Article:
Supervisors want review of energy project

Shawn Hardy

Antrim Township supervisors are asking for a visit from a representative of Transource Energy to update plans for the Independence Energy Connection.

One potential route for new overhead electric transmission lines passes through part of eastern Antrim Township. Transource held a number of open houses about the project, including one two weeks ago that drew hundreds to the Kauffman Community Center.

The township received form letters asking supervisors to address concerns and protect residents.

Supervisor Pat Heraty said at Tuesday’s meeting that he’s personally opposed to 130-foot towers in the township, but in the end it’s a private matter between property owners and Transource.

“We all want the grid enhance … it has to go somewhere,” said Supervisor Fred Young.

Brad Graham, township administrator, will reach out to Transource about sending a representative to a meeting.

The Independence Energy Connection is a $320 million project connecting two existing 500-kilovolt transmission lines in Pennsylvania to substations in Maryland, along with two new pathways to alleviate electric gridlock. The local segment includes 25 miles of overhead transmission lines connecting a new substation to be constructed in Franklin County to the existing Ringgold Substation near Smithsburg in Washington County, Maryland. According to Transource, 25 miles of line would mean about 125 towers.

In other business

Supervisors approved a request from Georgina Cranston, executive director of the Greencastle-Antrim Chamber of Commerce, for a $1,800 donation for the community Christmas tree. She plans to ask the Borough of Greencastle for the same amount to cut down, put up, light up and keep the tree looking nice for Heritage Christmas.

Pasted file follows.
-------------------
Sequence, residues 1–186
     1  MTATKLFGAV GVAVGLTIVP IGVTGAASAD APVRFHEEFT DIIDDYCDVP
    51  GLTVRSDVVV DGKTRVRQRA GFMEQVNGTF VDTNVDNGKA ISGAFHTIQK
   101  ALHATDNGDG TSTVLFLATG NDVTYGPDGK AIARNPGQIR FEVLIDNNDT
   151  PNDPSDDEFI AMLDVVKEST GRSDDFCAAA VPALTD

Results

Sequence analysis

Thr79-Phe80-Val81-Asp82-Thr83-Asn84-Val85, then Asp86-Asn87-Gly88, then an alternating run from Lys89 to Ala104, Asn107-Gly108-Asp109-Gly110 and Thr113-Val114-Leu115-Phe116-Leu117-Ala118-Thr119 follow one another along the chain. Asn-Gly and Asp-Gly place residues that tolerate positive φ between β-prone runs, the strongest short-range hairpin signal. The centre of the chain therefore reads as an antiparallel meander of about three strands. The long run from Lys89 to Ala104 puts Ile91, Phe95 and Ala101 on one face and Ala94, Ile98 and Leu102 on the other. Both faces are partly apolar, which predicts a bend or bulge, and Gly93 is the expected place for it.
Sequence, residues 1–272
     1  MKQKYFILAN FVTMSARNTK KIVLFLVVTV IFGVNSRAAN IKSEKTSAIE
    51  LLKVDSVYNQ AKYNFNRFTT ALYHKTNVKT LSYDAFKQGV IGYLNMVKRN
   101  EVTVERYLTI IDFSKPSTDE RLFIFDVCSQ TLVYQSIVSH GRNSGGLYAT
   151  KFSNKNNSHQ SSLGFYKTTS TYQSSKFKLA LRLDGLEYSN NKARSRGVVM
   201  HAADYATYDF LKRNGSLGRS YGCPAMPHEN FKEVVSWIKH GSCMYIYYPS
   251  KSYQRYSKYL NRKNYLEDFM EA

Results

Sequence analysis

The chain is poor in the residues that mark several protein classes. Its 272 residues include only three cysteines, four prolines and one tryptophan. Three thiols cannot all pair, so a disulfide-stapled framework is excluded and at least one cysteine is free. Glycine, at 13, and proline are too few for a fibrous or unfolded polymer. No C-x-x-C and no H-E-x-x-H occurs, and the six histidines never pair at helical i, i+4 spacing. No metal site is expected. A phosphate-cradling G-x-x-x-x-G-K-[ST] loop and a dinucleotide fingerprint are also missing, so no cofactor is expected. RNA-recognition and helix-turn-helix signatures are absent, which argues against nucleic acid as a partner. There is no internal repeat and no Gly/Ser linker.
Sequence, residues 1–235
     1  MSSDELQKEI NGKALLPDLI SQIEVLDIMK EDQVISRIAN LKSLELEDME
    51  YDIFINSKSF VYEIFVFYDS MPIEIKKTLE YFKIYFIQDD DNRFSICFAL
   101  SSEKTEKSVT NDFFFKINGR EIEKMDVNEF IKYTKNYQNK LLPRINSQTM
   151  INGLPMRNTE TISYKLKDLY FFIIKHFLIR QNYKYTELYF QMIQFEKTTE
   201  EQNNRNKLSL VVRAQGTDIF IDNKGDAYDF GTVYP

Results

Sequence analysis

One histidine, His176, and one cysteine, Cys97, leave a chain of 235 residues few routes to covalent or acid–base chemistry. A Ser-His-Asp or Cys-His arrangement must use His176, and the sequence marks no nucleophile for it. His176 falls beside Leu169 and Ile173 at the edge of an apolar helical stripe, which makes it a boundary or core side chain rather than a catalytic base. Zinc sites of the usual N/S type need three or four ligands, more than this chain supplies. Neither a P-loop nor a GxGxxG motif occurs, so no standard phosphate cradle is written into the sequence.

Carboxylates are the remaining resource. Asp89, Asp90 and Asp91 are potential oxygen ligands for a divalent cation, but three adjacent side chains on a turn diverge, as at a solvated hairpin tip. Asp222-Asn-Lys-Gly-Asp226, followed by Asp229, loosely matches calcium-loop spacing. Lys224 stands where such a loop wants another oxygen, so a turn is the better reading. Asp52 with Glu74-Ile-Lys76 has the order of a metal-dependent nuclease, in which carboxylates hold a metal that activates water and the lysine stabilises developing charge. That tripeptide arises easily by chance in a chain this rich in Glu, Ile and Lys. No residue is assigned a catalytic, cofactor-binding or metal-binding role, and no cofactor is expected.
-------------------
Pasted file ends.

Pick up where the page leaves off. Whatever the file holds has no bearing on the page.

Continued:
The tree-lighting ceremony, with carols and community organizations contributing to the festivities, will begin at 7 p.m. Friday, Nov. 17, followed by the Christmas parade at 9:21 a.m. Saturday, Nov. 18. Heritage Christmas will be celebrated the first three Fridays in December.

Tina Gipe of Boyer & Ritter presented the 2016 audit report. Asked to comment on the overall financial picture and practices of the township, she said the township is very healthy financially and has a good fund balance.

Supervisor Pat Heraty noted the township has total assets close to $70 million, a healthy cash flow and investments that are starting to pay off.

A note will be put on the plan for James and Heidi Zaiger for 10823 Grant Shook Road concerning the shared use trail. The plan must have an easement for the trail and its installation may be required in the future.

At this point, the trail is not near the Zaiger property and it has not been determined which side of the road it will eventually be placed on.

Supervisors said they need to discuss their plans and vision for the shared use trail at a work session. The trail system is envisioned for much of the township and currently runs from Antrim Township Community Park past developments off Williamsport Pike nearly to Greencastle.

Heraty said that early Tuesday morning, he saw at least eight trucks parked along Antrim Commons Drive and asked if there is anything the township can do to keep tractor-trailers from parking on the Interstate 81 ramps, as well as parking lots like Sheetz and Eldorado Stone near Exit 3.

Graham acknowledged truck parking is “a problem the full length” of I-81.